The conference’s pause on disaffiliations came after months of what a number of church leaders decried as false, negative rhetoric about the future United Methodist Church from those recruiting for the Global Methodist Church — a breakaway conservative denomination that launched in May last year.
That misinformation includes allegations that The United Methodist Church is abandoning core doctrines of the Christian faith such as the divinity and resurrection of Christ, which United Methodist churches around the globe will celebrate this coming Easter Sunday.
Members of the Wesleyan Covenant Association, the traditionalist advocacy group that organized the new Global Methodist Church, dispute claims of dishonesty.
Representing the 186 churches in the North Georgia lawsuit is Dan Parr, president of the North Georgia Wesleyan Covenant Association chapter, and David Gibbs III, president of the National Center for Life and Liberty.
“Our goal is simple: We request that the North Georgia bishop, trustees and cabinet restore the processes that were in place last year which allowed 70 churches in the North GA Annual Conference to disaffiliate,” Gibbs told United Methodist News by email.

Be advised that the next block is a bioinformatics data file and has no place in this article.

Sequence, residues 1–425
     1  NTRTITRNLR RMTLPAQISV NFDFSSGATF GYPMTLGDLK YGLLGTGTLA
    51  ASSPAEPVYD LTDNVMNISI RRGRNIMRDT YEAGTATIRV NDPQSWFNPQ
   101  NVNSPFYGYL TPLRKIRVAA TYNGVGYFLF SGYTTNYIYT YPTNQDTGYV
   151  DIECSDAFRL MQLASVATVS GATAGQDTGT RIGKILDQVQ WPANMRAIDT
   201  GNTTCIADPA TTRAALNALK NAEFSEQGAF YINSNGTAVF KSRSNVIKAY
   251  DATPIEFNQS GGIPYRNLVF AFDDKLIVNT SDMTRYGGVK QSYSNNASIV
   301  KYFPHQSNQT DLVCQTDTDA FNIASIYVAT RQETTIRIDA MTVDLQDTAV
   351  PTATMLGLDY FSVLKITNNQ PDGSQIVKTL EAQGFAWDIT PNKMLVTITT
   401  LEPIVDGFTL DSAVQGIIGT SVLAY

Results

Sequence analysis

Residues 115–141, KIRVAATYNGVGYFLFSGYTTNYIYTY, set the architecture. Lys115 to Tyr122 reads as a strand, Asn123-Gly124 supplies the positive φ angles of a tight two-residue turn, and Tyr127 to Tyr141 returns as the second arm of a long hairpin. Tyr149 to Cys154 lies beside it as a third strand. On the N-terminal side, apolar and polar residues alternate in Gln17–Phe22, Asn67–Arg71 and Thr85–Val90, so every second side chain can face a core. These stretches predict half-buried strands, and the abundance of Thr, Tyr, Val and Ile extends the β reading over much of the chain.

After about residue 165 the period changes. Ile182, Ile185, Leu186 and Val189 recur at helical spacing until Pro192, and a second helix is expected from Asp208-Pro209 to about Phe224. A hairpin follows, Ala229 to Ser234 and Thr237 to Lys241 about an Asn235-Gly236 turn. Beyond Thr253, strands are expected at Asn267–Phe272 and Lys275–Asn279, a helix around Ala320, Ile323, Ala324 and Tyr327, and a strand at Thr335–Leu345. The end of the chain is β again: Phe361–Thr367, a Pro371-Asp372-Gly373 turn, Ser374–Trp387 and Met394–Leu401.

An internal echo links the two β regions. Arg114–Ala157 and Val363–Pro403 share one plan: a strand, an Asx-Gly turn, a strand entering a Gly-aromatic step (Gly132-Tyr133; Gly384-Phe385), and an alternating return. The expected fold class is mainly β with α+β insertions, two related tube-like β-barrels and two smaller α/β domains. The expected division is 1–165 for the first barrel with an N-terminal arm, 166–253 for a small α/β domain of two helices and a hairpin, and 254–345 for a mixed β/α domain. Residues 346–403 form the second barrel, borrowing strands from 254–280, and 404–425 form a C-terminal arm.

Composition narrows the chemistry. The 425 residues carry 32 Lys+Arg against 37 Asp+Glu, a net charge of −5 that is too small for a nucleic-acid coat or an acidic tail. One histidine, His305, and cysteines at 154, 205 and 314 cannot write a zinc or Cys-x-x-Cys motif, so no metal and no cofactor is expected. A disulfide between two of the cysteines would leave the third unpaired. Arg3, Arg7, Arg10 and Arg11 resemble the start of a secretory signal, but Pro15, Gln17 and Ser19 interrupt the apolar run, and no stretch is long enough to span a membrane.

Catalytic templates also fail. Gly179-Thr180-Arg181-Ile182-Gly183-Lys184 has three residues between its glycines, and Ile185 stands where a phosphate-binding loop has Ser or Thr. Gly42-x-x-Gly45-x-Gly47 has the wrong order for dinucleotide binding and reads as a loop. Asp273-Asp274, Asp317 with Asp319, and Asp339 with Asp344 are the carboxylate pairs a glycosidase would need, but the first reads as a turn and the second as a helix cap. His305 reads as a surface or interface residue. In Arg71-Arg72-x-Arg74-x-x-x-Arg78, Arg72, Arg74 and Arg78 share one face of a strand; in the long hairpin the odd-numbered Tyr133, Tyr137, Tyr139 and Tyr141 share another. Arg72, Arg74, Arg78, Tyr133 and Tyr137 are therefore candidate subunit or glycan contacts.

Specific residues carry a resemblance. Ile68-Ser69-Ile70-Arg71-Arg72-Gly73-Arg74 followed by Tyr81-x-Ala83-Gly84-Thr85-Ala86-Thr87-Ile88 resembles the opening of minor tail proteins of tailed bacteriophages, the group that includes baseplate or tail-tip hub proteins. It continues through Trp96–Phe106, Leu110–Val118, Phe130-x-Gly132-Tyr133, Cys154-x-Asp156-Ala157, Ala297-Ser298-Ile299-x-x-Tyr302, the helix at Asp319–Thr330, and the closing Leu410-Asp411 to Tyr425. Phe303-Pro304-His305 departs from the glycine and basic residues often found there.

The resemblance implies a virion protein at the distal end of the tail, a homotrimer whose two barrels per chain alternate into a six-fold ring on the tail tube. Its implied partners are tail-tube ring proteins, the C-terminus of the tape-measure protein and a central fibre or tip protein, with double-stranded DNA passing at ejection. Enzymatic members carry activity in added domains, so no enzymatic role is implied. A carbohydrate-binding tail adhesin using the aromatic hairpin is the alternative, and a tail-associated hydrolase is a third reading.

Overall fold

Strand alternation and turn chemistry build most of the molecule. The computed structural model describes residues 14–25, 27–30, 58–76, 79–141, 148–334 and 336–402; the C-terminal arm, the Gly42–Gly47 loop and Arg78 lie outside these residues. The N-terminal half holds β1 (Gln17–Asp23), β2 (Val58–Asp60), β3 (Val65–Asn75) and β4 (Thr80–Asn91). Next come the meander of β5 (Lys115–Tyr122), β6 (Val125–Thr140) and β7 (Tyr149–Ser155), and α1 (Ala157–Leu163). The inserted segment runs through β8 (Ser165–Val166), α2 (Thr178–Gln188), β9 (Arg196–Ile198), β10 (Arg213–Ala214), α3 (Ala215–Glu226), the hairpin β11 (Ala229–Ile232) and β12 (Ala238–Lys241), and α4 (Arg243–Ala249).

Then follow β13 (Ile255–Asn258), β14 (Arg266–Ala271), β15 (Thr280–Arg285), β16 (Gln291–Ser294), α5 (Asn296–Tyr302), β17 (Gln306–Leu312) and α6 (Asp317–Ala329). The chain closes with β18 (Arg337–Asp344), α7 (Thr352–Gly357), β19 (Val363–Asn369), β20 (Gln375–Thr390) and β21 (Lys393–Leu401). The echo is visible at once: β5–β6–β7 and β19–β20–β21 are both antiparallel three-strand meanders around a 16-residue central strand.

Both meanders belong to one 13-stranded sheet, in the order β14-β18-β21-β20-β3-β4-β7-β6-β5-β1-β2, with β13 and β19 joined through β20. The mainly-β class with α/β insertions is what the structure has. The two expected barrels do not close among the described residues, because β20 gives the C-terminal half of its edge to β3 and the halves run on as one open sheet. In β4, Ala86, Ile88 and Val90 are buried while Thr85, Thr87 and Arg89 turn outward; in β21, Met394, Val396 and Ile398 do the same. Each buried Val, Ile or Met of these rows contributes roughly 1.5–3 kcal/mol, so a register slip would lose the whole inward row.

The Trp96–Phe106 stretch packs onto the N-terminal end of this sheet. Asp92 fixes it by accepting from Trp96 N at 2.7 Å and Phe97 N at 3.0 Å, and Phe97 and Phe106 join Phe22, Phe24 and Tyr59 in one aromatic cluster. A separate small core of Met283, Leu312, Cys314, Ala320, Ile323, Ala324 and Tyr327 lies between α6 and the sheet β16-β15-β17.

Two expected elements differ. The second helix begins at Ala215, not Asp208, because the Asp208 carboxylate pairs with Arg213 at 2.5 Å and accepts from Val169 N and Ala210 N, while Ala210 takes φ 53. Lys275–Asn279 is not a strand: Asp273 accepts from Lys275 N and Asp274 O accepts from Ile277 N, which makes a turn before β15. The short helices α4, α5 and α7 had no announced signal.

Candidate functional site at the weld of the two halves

“The churches attempted to address their differences in a respectful, Christ-centered way by coming to the table together to find amicable solutions,” he added. “The conference has not respected the churches and responded timely to their requests.”
The National Center for Life and Liberty, a non-Methodist legal nonprofit that has been working with the Wesleyan Covenant Association on legal strategy, is representing the churches in lawsuits against other conferences.
Gibbs said the center represents about 2,000 United Methodist churches across the U.S. that are working toward disaffiliation.
The center has been involved in lawsuits filed by 106 churches against the Florida Conference and by 38 churches against the Baltimore-Washington Conference. Both of those lawsuits seek to release churches from the trust clause without meeting the obligations under Paragraph 2553. Those lawsuits are ongoing, but 40 of the Florida churches have since withdrawn from the litigation.